Matt
 

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'72 Opel GT (Sara)
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2,119 Posts
Discussion Starter · #83 ·
The wiring harness that was in the car had all kinds of things wired to it. Get this- radio and other items were installed in this car, but the steering column was never removed??? I bet they had a heck of a time pulling that stuff out. Anyways, I had a nice 1972 GT that I parted out with a wiring harness that I believe to have never even had a fuse replaced. The cover didn't have any marks or anything, everything looked sweet, the front headlights were never rewired so it will be a good replacement.
This is one of many examples of Keith "going the extra mile" for this car. Having a sound wiring harness is so important and my car has had electrical issues from day one (that being the day I bought it back in '86). For the record, I swear I had nothing to do with installing the radio :ugh: - that was done by a car audio shop just days after I bought the car (the stock AM radio being the first thing to go when a then 21 year old gets a hot new car :yup: ). It even had a cassette player - Ooooo.... :lmao:

Matt
 

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'72 Opel GT (Sara)
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2,119 Posts
Discussion Starter · #85 ·
. . . at least it wasn't an 8-track!! :eek:
:haha: Last time I saw an 8-track was back in the late seventies - as I recall it had an Engelbert Humperdinck tape stuck in it... :ugh:
 

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'72 Opel GT (Sara)
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2,119 Posts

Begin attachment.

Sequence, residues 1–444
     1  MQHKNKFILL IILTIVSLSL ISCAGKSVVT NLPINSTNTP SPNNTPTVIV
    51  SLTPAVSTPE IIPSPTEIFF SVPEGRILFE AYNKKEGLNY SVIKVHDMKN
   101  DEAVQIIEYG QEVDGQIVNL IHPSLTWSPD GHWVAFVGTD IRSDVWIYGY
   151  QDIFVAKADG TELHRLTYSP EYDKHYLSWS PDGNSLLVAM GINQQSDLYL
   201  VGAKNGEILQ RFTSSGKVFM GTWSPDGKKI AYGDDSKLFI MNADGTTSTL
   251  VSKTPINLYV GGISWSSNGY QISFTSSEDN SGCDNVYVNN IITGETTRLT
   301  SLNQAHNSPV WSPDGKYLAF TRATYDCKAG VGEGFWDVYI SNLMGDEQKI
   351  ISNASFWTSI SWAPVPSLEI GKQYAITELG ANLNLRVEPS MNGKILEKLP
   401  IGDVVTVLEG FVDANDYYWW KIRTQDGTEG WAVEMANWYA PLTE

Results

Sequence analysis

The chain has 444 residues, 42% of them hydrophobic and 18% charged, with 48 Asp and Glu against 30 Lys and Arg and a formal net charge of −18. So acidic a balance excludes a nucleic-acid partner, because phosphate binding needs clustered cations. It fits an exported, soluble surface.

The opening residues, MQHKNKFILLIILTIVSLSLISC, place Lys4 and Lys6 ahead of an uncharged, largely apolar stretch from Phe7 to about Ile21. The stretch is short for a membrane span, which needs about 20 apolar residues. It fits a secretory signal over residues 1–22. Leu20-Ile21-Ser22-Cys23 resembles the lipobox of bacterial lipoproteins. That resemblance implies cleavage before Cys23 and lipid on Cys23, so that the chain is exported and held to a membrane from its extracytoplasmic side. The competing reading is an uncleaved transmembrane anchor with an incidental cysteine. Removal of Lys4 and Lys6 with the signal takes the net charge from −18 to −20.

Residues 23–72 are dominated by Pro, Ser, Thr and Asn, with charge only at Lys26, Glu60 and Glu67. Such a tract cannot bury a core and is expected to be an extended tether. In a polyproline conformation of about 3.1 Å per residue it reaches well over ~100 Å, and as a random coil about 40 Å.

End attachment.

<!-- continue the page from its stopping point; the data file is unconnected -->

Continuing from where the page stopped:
Discussion Starter · #97 ·
Post #54 - "Patches" (Or, as I am calling it, "Frankenstein's Monster"):

So, this is me when Keith first sent the pictures of the sandblasted body:

1) :shocked: "Where the #$*@! did those come from?

2) :confused: "How in the heck do you fix something like that?"

3) :nervous: "How much is that gonna cost?"

But a good phone discussion with Keith and his creative solutions as well as my continued commitment to this car and the project means the show will go on! My wife and I are driving up there on Saturday to see the car in person and discuss next steps so I'm really excited about that!

Even knowing the patches were there wouldn't have changed my mind - I would have still bought the car and I would still be restoring it today. But, for the sake of discussion, if you were buying a car with my "patch work" of repairs, how would you determine they were there to begin with? The patches are metal so I don't think a magnet would help. And, they were riveted in and then smoothed over prior to painting so they were "invisible" (at least to my eye 21 years ago when I bought the car). Ideas?
 

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'72 Opel GT (Sara)
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2,119 Posts
Discussion Starter · #99 ·
Thanks Ron for the insight based on your experiences. I guess it was just shocking at first because I have no frame of reference. I am really looking forward to seeing those patches go away! :veryhappy

Matt